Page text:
Happy National DNA Day! Fun fact: all humans share 99.9% of DNA, but we also share 50% of our DNA with a banana. If you unraveled the DNA in one human, it would stretch 10 billion miles. If you tried to walk that far, it would take you 361,492 years. 🥵🚶🏻

Today and tomorrow, take 20% off + free shipping in our online store! The code is DNA20 🧬🧬🧬

Thank your mom for your shapely figure or your dad for those dashing good looks – or maybe send a heartfelt thank you for giving you the kind of nose upon which no pair of glasses will ever sit properly, or crazy hair that just won't quit. Whatever the trait, you got those great genes from your pa...

"Before the age of medicine, disease was thought to be a curse on those who had wronged a higher power. Being sick was a...
04/24/2020
A Brief and Contained History of Quarantines

"Before the age of medicine, disease was thought to be a curse on those who had wronged a higher power. Being sick was a punishment. Cautionary moral tales tell stories of people and communities cursed by horrific disease. Don’t want to get sick? Be a good person."

Read more in the blog post "A Brief and Contained History of Quarantines" by Education Intern Emily Baughman!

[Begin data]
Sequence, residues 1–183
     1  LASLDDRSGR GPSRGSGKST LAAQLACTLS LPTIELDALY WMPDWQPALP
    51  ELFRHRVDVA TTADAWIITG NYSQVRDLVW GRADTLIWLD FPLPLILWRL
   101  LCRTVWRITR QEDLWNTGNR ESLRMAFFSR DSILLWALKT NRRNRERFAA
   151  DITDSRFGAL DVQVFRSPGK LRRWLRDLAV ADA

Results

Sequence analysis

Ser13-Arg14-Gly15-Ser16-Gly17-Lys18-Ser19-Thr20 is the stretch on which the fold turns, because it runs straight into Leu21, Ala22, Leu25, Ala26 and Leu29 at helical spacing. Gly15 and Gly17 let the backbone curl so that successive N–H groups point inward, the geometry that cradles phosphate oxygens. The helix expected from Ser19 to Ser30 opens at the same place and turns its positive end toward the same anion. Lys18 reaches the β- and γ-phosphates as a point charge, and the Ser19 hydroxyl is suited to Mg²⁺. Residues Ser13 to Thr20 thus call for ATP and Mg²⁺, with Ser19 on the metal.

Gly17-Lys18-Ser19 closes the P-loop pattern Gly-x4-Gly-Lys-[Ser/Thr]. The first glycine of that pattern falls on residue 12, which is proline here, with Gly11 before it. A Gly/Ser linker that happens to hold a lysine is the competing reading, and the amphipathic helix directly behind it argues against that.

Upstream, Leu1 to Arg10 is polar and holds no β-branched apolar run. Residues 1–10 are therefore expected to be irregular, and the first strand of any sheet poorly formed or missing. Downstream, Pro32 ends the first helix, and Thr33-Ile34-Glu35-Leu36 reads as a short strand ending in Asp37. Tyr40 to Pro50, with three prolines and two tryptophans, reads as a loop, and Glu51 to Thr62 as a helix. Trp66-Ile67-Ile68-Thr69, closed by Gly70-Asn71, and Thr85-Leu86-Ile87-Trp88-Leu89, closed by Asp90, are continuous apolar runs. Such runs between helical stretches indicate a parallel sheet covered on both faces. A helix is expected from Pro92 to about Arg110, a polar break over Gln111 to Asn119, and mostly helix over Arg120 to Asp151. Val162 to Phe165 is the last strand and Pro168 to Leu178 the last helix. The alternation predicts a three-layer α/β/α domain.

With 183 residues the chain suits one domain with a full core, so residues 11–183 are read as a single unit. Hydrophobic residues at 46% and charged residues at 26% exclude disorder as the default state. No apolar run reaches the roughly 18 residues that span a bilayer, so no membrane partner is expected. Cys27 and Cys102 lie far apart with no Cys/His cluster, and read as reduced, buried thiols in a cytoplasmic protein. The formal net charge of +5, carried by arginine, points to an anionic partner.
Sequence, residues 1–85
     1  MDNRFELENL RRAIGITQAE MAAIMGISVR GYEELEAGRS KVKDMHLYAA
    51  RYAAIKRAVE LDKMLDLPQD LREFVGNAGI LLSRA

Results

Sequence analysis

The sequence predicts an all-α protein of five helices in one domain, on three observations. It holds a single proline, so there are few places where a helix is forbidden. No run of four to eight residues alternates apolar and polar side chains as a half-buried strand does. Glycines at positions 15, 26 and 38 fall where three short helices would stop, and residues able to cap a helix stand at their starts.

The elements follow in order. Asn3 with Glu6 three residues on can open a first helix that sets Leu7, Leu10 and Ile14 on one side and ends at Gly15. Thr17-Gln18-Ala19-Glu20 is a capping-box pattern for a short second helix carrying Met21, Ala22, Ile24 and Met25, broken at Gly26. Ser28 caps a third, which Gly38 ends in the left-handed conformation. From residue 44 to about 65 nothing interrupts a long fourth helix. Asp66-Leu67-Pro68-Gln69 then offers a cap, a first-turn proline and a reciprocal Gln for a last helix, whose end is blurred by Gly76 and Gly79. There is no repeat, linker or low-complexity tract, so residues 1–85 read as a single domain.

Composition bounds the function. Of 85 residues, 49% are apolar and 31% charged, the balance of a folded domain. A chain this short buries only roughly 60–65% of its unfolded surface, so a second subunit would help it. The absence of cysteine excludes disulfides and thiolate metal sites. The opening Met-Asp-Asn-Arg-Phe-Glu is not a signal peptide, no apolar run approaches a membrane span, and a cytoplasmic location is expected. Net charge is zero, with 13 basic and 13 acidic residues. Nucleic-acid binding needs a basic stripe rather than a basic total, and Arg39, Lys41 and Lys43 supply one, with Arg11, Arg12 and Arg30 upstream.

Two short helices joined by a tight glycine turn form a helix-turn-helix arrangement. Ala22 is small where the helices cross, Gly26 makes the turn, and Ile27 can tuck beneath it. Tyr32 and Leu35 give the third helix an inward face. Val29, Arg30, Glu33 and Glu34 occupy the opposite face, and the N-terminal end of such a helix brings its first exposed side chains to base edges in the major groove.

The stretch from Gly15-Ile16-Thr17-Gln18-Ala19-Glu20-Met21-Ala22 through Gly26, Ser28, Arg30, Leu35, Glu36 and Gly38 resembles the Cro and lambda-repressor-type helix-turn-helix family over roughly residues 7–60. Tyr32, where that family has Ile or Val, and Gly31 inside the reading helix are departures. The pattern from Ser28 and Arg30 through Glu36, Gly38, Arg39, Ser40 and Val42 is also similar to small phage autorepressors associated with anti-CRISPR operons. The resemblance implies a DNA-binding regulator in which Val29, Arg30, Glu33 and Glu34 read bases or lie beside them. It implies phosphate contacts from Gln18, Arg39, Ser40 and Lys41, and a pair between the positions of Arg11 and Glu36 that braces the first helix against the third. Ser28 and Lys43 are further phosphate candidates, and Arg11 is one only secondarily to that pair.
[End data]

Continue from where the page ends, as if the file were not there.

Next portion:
Published by Emily Baughman When quarantines were done on a house by house basis, notices were posted on the door. “Public Domain Files.” Public Domain Files, Public Health Image Library , From cur…

May 5 is #GivingTuesdayNow, a global day of giving and unity that responds to the need caused by COVID-19. During this t...
04/24/2020
#GivingTuesdayNow to support the International Museum of Surgical Science

May 5 is #GivingTuesdayNow, a global day of giving and unity that responds to the need caused by COVID-19. During this time of isolation, acts of kindness and generosity are what bring us together. If we raise $1,000 or more between April 16, 2020, at 10AM Pacific Time and May 10, 2020, at 11:59PM Pacific Time, GoFundMe will match the amount, doubling your contribution to the Museum!

On May 5th, we’re launching BTS WITH A CURATOR LIVE where we will be thanking our supporters publicly and sharing behind-the-scenes collections photos of their choosing. Want to see a bone saw? We’ve got you covered. A 4,000-year-old skull? No problem--it’s up to you. Our curator will be going live on social media sharing these images from 10AM - 5PM CST so that you can show the world the object you chose.

If you've ever visited the Int'l Museum of Surgical Science, you know that it's unlike any other place in the world. #GivingTuesdayNow

Address

1524 N Lake Shore Dr
Chicago, IL
60610-8157

Opening Hours

Monday 09:30 - 17:00
Tuesday 09:30 - 17:00
Wednesday 09:30 - 17:00
Thursday 09:30 - 17:00
Friday 09:30 - 17:00
Saturday 10:00 - 17:00
Sunday 10:00 - 17:00

Telephone

(312) 642-6502

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Our Story